[fpc-pascal] Packaging shared libraries for OSX, recommendations?

Bruce Tulloch pascal at causal.com
Tue Jun 11 07:40:15 CEST 2013

So just to be clear, if we create a framework designed for others to bundle
with their own apps where our framework (for the library) looks like this:

|-- MyFramework -> Versions/Current/MyFramework
|-- Headers -> Versions/Current/Headers
|-- Resources -> Versions/Current/Resources
`-- Versions
    |-- A
    |   |-- MyFramework
    |   |-- Headers
    |   |   |-- MyFramework.h
    |   |   `-- MyFramework.pas
    |   `-- Resources
    |       |-- English.lproj
    |       |   `-- Documentation
    |       |       `-- MyFrameworkAPI.html
    |       `-- Info.plist
    `-- Current -> A

Xcode users of our library just include the framework binary (i.e. the
dylib, also called MyFramework in this example) in their project. However,
as part of our library build process we MUST use install_name_tool to
modify the canonic path in the dylib to be relative to the executable
location in the app bundle created by Xcode (when they build their app) and
this relative location will always be as described in the linked examples
you referred us to (i.e. @executable_path/../Frameworks/MyFramework).

Have we understood this correctly?

Can you give me some background on why it works this way? My understanding
is that even if an app finds the dylib it needs in its own bundled
Frameworks folder, ld refuses to load it because the dylib says its canonic
home is somewhere else and this therefore requires the publisher of that
dylib to modify the path to be where any app that uses it expects to locate
the dylib even if said app already knows the location of the necessary
dylib. This seems to be a rule (or bug?) which is apparently more
inflexible than the standard UNIX way ld uses to locate libraries.

Thanks for your pearls of wisdom on this strange (to us) topic :-)

Cheers, Bruce.

On Mon, Jun 10, 2013 at 7:55 PM, Jonas Maebe <jonas.maebe at elis.ugent.be>wrote:

> On 10 Jun 2013, at 11:41, Bruce Tulloch wrote:
>  On Mon, Jun 10, 2013 at 6:59 PM, Jonas Maebe <jonas.maebe at elis.ugent.be>*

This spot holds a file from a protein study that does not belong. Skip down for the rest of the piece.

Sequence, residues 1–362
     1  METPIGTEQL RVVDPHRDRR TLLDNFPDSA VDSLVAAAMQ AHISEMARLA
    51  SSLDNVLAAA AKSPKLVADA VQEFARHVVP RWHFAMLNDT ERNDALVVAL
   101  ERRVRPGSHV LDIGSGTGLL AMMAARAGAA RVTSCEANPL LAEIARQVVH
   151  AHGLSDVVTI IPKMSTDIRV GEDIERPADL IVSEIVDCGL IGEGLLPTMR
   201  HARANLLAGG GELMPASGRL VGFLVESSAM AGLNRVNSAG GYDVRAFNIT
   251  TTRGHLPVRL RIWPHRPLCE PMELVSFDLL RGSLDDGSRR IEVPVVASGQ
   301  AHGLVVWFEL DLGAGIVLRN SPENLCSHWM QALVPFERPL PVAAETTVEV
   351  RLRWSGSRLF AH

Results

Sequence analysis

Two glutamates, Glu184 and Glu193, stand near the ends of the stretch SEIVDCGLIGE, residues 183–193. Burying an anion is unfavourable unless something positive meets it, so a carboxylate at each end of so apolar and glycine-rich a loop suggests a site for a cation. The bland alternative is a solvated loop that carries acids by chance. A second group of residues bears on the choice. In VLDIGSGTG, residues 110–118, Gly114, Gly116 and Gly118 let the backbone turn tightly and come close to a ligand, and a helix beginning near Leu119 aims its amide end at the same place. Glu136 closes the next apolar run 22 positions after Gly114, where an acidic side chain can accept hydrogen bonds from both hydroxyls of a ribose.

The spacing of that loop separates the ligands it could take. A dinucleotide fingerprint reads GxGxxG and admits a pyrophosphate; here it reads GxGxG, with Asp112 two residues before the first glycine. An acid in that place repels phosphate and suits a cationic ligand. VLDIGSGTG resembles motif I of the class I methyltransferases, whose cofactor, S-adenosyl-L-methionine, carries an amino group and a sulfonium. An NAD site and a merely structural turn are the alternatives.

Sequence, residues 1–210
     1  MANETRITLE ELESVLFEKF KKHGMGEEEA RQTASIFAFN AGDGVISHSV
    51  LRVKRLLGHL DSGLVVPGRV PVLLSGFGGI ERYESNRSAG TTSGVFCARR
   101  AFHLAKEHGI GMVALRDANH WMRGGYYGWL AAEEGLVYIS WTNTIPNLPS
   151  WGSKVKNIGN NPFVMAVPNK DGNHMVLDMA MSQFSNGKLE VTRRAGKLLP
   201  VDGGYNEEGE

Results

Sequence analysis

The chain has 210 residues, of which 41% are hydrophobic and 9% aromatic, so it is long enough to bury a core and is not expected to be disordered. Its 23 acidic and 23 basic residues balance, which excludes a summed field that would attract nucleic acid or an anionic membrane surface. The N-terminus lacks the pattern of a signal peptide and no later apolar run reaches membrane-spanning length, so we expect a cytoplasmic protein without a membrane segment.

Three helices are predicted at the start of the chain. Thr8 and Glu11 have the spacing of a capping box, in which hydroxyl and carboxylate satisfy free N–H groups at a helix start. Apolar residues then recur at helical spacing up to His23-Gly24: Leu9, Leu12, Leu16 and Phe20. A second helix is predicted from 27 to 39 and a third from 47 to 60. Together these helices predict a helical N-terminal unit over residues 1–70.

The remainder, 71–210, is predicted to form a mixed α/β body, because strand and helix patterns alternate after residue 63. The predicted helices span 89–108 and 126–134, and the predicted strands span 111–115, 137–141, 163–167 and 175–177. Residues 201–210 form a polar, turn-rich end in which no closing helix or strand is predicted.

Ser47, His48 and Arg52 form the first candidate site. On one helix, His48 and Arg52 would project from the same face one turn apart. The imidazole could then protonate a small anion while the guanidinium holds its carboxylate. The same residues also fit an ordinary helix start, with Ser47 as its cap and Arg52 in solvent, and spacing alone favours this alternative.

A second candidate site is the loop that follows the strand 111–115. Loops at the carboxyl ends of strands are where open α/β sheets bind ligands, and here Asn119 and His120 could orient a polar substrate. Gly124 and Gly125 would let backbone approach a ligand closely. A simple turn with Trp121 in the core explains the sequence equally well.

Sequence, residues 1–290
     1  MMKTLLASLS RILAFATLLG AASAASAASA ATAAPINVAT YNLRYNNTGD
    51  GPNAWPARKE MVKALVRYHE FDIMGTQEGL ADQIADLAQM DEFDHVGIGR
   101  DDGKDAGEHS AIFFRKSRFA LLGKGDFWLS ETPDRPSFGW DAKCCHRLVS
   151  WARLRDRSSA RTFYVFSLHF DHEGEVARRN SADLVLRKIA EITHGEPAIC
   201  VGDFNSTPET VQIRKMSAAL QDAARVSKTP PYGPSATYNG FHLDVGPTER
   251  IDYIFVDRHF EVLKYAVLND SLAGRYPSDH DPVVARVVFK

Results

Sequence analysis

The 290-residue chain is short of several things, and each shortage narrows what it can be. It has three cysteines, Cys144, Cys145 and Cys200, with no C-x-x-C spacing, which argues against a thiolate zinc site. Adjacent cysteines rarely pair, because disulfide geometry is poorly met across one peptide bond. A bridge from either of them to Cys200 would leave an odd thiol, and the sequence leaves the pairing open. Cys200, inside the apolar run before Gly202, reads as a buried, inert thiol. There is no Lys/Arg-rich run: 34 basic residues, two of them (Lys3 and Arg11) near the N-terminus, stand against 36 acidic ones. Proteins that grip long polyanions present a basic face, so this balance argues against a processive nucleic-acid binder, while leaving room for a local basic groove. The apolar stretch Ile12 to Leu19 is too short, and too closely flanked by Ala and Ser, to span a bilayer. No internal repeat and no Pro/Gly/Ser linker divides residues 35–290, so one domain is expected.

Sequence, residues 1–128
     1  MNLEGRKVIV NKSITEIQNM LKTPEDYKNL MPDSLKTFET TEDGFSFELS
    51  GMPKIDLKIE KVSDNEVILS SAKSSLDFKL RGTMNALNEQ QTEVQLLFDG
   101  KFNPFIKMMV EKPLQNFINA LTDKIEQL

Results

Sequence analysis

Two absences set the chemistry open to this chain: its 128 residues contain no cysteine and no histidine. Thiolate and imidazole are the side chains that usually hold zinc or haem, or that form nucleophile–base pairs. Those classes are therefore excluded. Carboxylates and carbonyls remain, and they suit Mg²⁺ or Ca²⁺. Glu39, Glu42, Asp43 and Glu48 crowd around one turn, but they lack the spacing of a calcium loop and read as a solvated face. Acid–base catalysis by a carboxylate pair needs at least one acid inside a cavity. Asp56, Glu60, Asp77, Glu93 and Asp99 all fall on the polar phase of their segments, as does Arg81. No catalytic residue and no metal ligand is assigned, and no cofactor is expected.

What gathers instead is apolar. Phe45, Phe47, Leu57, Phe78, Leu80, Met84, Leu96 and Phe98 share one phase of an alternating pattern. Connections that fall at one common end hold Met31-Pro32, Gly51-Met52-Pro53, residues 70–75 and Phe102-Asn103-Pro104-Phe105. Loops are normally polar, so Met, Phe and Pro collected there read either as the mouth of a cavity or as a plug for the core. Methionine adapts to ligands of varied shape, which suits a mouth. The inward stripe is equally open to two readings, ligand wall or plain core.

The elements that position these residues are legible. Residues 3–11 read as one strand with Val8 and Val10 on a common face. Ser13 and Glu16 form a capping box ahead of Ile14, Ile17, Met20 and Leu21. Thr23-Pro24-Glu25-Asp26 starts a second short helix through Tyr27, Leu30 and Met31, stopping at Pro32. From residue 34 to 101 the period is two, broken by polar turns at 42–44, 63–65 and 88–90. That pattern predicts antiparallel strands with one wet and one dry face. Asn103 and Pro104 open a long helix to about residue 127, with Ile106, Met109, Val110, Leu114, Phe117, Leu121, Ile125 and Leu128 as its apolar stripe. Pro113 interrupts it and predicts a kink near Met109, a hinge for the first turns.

>> *wrote:
>>  Under Mac OS X (and *BSD, and probably even most Linux distributions
>>> these
>>> days), you would put it under /usr/local/[lib,include,share]**.
>> Understood. So if we install our library, headers etc to
>> /usr/local/[lib,include,share] is it true that like any UN*X, in OSX:
>>   - Command line programs *and* GUI apps will be able to use our library,
> There is no difference between the two as far as the dynamic linker is
> concerned.
>    - XCode will be able to find and access the headers and,
> Yes.
>    - XCode App programmers can copy the .dylib file (from
>>   /usr/local/lib/libMyLib.dylib) to their project to include the library
>> and
>>   avoid the need to redistribute our package?
> The last part is incorrect. See e.g. http://qin.laya.com/tech_**
> coding_help/dylib_linking.html<http://qin.laya.com/tech_coding_help/dylib_linking.html>and
> https://blogs.oracle.com/**dipol/entry/dynamic_libraries_**rpath_and_mac<https://blogs.oracle.com/dipol/entry/dynamic_libraries_rpath_and_mac>for more information. You need at least two versions of your library, or
> tell developers that want to include the library in their program to adapt
> the library's path with install_name_tool and compile/link against this
> modified version because otherwise their application will still insist on
> only looking for the /usr/local/lib version (which is why distributing a
> /usr/local/lib version is such a bad idea, because developers won't notice
> on their own machine if they make a mistake since that version can be used
> without them realising it)
>  Presuming the answers are all yes, is packagemaker the tool we should be
>> using to package the library for distribution?
> Yes.
> Jonas
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